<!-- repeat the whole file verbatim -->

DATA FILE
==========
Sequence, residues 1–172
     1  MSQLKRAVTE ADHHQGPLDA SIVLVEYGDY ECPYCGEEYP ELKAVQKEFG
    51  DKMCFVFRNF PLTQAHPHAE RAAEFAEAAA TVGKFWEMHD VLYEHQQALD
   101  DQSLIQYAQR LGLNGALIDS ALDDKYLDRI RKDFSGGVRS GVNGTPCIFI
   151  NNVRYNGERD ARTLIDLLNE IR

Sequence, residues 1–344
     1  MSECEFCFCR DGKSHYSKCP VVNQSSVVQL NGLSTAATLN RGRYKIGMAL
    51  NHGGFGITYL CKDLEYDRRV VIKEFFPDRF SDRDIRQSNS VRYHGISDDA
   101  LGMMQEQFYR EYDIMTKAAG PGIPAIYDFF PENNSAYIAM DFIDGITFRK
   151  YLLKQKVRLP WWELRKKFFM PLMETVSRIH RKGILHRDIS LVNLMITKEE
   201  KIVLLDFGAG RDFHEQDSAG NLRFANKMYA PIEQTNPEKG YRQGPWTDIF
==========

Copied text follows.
Sequence, residues 1–172
     1  MSQLKRAVTE ADHHQGPLDA SIVLVEYGDY ECPYCGEEYP ELKAVQKEFG
    51  DKMCFVFRNF PLTQAHPHAE RAAEFAEAAA TVGKFWEMHD VLYEHQQALD
   101  DQSLIQYAQR LGLNGALIDS ALDDKYLDRI RKDFSGGVRS GVNGTPCIFI
   151  NNVRYNGERD ARTLIDLLNE IR

Sequence, residues 1–344
     1  MSECEFCFCR DGKSHYSKCP VVNQSSVVQL NGLSTAATLN RGRYKIGMAL
    51  NHGGFGITYL CKDLEYDRRV VIKEFFPDRF SDRDIRQSNS VRYHGISDDA
   101  LGMMQEQFYR EYDIMTKAAG PGIPAIYDFF PENNSAYIAM DFIDGITFRK
   151  YLLKQKVRLP WWELRKKFFM PLMETVSRIH RKGILHRDIS LVNLMITKEE
   201  KIVLLDFGAG RDFHEQDSAG NLRFANKMYA PIEQTNPEKG YRQGPWTDIF